HYBRID: Searching for the origins of galactic Cosmic Rays with gamma-ray astronomy

A lecture in the "Physics & Pizza" series (held in English)

Mo, 12.06.2023 18:15  –   Mo, 12.06.2023 19:15
Dr. rer. nat. Alison Mitchell, DFG Emmy Noether Junior Research Group Leader, Erlangen Centre for Astroparticle Physics, Friedrich-Alexander-Universität Erlangen-Nürnberg
Magnus-Haus Berlin
Am Kupfergraben 7, 10117 Berlin, Germany

also to be followed ONLINE
Registration required
Contact person:
Andreas Böttcher, , 030/201748-0
External Link:
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This lecture will be held in presence at Magnus-Haus and can be followed online at the same time. Use the links above to register your attendance in person on site or to receive access data for online attendance. No admission after the start of the event. Please do not participate if you have symptoms of a respiratory infection (cold symptoms).

Topic: Cosmic Rays are energetic particles from space that continuously arrive at Earth from all directions. They originate from astrophysical accelerators within our galaxy, especially extreme objects such as pulsars, white dwarfs, and supernova remnants. Gamma-ray astronomy is concerned with the search for evidence of such powerful accelerators by means of the signature traces left by the energetic particles in situ with the astrophysical environment. Ground-breaking results have been achieved in recent years, and new facilities are planned for the near future, making this an exciting time for Cosmic Ray research and gamma-ray astronomy. In this talk, I will present an introduction to the research field and an overview of the current status.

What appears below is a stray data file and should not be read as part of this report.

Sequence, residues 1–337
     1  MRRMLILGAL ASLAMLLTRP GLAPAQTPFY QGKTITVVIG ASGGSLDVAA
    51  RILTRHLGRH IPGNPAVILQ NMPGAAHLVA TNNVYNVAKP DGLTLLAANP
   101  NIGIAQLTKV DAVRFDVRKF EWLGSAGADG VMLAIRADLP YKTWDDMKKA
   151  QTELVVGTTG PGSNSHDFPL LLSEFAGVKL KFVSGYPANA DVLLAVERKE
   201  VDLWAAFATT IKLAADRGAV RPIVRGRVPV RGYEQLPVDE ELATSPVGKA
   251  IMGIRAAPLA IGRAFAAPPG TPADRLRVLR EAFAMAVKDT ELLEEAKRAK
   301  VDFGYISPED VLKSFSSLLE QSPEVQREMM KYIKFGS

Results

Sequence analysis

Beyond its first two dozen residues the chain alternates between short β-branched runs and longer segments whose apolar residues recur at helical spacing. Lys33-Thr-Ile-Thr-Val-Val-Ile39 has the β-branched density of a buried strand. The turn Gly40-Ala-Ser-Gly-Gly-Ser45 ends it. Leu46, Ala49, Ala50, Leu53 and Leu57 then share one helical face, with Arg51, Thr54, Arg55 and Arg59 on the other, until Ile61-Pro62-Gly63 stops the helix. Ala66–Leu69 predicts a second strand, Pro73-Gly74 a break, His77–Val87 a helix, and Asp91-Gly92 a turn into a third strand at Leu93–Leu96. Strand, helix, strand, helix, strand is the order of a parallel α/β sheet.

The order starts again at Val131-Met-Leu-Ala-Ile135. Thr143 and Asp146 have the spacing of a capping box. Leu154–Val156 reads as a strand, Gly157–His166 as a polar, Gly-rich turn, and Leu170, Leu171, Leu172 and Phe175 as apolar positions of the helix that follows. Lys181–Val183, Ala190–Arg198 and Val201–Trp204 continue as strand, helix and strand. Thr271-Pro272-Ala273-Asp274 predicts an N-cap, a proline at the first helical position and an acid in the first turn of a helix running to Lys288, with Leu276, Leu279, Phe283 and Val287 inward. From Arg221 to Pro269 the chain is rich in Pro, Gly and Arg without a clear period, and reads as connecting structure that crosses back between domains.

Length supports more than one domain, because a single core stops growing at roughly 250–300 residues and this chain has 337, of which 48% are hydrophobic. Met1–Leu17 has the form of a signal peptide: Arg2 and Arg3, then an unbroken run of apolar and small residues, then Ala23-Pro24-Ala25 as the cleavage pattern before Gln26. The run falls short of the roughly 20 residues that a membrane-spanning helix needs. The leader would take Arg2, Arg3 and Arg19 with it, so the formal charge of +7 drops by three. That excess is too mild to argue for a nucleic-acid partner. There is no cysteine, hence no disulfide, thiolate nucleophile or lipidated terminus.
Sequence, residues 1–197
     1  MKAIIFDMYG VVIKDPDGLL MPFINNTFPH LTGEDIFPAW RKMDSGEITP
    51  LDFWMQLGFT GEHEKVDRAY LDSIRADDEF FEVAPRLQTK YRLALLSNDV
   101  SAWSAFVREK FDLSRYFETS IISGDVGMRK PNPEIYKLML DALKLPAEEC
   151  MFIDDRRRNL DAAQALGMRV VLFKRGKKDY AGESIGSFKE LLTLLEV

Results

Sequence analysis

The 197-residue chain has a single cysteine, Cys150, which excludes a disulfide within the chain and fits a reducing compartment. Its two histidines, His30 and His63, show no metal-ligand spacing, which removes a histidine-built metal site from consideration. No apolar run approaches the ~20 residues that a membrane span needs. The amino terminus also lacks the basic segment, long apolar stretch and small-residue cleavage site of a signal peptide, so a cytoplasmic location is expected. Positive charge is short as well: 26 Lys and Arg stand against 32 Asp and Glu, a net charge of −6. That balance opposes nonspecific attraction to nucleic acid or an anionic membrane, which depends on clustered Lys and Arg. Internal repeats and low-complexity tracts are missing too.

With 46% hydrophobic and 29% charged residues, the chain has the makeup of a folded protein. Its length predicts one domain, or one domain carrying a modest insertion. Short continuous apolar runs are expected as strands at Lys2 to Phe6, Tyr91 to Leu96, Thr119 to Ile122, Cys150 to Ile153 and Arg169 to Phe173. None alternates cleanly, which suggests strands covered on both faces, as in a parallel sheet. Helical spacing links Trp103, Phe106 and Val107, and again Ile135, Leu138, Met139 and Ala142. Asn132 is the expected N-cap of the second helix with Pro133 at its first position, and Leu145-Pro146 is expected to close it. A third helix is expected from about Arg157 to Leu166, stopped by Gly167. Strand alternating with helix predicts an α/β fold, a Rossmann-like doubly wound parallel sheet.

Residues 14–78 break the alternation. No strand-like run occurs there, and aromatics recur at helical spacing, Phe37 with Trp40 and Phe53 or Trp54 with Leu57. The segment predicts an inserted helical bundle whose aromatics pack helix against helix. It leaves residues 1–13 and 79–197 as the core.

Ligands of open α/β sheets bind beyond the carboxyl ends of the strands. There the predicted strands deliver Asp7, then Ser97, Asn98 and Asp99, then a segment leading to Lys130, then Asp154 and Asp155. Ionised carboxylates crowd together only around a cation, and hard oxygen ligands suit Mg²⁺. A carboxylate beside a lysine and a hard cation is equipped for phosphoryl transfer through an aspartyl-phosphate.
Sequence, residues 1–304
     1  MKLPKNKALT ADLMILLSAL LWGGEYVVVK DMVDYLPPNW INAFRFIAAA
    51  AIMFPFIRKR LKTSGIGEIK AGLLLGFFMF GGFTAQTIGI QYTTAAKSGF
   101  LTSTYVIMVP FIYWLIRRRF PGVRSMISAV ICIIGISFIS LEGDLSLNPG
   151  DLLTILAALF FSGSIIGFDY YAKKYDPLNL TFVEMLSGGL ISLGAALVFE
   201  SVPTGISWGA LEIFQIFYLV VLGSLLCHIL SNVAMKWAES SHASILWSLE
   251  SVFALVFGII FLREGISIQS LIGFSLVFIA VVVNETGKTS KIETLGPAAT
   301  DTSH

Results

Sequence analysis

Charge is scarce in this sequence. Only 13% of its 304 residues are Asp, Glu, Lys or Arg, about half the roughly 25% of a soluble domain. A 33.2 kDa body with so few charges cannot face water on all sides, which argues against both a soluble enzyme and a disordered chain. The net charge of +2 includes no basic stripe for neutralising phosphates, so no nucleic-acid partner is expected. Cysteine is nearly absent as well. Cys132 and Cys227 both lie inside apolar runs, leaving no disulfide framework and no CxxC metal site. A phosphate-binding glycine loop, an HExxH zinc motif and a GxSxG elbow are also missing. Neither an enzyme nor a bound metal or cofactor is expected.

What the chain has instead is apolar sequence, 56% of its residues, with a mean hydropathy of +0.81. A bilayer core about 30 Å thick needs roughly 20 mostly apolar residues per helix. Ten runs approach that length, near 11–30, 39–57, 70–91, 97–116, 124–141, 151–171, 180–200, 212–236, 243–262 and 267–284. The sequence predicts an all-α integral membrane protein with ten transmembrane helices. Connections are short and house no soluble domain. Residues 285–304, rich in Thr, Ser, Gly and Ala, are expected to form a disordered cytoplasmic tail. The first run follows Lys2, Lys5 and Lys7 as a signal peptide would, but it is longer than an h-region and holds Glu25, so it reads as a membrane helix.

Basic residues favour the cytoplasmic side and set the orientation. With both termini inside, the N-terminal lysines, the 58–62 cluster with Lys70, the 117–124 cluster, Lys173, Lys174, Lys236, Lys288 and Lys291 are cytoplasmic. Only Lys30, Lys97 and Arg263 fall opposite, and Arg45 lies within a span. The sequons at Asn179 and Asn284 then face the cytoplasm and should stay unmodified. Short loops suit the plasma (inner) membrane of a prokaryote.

CV: Alison Mitchell completed her undergraduate studies in Physics at the University of Warwick, UK, before moving to Heidelberg, Germany in 2013 to pursue a PhD at the Max-Planck-Institute (MPI) for Nuclear Physics. In 2016 she obtained her doctorate from the University of Heidelberg, and continued until 2018 as a postdoctoral researcher at the MPI for Nuclear Physics whilst also being Assistant Project Scientist for the Cherenkov Telescope Array Observatory. Between 2018 and 2021, she was a postdoctoral researcher at the University of Zurich and subsequently the ETH Zurich. In 2021, she was awarded an Emmy Noether grant from the DFG and has since been based at the FAU Erlangen-Nürnberg.

Following the lecture, there will be a get-together where participants can exchange ideas with each other over pizza and drinks in the Remise and the garden of the Magnus-Haus.

The event is sponsored by the Wilhelm and Else Heraeus Foundation.